In fact, the pro-corporate, imperialistic agenda of the last several administrations adds up to decades of subversion of the constitution and betrayal of the public interest. Obama’s own corporatist, imperialist pretensions are just the latest, terminal escalation of the historical trend. We now have a full-fledged, entrenched kleptocracy. It has abdicated sovereignty.
 
Although judicial review isn’t an issue we’re discussing here, Hamilton’s discussion of it leads to some observations on sovereignty which are highly relevant to us.
 
In an extended discussion Hamilton derives the authority for judicial review from the constitutional facts that the legislature is representative of the people while the written Constitution, embodying the will of the people, is superior to the legislature and its written laws. So for the polity to have any integrity, it follows that some authority has to be the arbiter where the legislature is alleged to have run rogue of the Constitution and the people.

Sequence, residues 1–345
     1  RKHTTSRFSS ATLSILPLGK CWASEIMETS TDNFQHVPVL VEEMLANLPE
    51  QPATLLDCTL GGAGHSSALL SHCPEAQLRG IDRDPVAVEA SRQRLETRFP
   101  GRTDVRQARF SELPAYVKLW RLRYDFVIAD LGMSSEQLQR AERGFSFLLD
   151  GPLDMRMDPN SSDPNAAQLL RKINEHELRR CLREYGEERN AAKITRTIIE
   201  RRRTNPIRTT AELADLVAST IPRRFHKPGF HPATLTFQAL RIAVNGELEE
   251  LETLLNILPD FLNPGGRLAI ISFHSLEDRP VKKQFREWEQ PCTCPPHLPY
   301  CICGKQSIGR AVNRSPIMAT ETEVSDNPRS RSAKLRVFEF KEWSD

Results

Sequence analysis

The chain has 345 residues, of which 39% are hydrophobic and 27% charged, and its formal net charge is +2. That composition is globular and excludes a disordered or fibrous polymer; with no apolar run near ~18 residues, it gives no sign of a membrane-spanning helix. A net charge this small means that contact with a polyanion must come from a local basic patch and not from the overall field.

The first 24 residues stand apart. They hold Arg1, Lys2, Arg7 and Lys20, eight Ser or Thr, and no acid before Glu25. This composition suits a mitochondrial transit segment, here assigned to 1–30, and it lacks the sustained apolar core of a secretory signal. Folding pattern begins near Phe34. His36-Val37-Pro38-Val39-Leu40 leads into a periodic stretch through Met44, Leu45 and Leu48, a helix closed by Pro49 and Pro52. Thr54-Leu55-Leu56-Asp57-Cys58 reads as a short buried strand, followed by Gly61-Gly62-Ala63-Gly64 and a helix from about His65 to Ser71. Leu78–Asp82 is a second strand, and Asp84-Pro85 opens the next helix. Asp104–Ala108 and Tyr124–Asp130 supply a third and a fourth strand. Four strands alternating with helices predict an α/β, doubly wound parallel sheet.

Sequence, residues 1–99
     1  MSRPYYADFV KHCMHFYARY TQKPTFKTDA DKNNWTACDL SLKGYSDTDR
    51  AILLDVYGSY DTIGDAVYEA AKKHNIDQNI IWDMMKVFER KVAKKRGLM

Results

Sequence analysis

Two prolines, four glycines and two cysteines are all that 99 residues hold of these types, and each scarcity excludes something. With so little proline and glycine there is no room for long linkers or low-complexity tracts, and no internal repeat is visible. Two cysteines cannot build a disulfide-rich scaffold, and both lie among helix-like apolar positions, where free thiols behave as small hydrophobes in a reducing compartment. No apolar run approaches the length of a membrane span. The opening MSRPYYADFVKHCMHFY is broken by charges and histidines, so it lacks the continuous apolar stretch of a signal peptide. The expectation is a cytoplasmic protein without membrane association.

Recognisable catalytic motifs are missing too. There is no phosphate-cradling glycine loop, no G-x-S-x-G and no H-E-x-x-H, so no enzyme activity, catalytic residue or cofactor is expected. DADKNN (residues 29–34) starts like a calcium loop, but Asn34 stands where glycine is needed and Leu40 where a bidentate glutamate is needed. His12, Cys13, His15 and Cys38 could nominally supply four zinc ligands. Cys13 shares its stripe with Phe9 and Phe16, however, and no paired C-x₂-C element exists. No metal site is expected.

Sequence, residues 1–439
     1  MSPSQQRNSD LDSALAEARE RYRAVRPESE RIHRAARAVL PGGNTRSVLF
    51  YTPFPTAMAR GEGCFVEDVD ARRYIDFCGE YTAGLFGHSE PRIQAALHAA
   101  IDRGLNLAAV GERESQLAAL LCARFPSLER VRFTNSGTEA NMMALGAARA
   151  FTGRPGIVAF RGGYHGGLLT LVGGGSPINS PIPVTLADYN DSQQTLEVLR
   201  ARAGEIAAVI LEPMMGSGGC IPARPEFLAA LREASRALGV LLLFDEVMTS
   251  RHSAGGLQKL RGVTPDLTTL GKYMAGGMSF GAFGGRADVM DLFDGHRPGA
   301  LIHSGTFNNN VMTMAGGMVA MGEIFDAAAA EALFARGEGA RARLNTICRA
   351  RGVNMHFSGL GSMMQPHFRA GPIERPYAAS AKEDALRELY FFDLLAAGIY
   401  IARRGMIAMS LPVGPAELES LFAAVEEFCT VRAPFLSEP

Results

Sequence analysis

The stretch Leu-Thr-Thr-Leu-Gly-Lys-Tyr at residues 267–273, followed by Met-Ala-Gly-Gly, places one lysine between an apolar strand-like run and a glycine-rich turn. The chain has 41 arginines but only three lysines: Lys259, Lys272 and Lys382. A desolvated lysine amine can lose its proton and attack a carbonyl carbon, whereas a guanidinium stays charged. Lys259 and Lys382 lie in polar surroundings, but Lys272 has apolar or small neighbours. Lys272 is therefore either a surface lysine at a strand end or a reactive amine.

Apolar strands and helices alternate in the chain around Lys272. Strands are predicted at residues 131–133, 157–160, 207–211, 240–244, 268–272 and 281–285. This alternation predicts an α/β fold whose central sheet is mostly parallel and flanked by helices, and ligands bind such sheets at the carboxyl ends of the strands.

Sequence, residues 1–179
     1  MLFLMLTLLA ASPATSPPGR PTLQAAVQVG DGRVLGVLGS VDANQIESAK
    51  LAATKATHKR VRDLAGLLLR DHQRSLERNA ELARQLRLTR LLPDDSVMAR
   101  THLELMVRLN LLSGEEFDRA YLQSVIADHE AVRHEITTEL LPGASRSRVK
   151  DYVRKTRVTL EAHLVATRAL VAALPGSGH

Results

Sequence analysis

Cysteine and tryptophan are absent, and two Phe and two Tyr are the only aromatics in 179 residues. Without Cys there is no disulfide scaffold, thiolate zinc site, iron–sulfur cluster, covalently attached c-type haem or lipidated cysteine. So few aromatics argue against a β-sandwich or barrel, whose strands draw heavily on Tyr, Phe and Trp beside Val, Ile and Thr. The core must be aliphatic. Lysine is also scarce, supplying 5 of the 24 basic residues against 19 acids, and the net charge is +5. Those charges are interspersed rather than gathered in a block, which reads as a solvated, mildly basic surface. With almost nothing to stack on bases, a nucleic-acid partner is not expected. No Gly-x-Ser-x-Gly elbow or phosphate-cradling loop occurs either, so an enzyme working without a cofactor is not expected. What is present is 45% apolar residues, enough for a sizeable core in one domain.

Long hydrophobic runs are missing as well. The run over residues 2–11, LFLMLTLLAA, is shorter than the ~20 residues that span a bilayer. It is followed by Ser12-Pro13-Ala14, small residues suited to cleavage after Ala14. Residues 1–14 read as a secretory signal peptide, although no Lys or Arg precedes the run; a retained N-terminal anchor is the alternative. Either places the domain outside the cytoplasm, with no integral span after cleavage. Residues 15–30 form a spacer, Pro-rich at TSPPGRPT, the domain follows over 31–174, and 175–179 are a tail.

A constitution is, in fact, and must be regarded by the judges, as a fundamental law. It therefore belongs to them to ascertain its meaning, as well as the meaning of any particular act proceeding from the legislative body. If there should happen to be an irreconcilable variance between the two, that which has the superior obligation and validity ought, of course, to be preferred; or, in other words, the Constitution ought to be preferred to the statute, the intention of the people to the intention of their agents.

 
I add to this that the sovereignty of the people, also known as the constitution, is always implicitly superior to the written Constitution as interpreted by the courts if the courts themselves have run rogue. (It’s the same logic as Hamilton gives for enshrined judicial review.)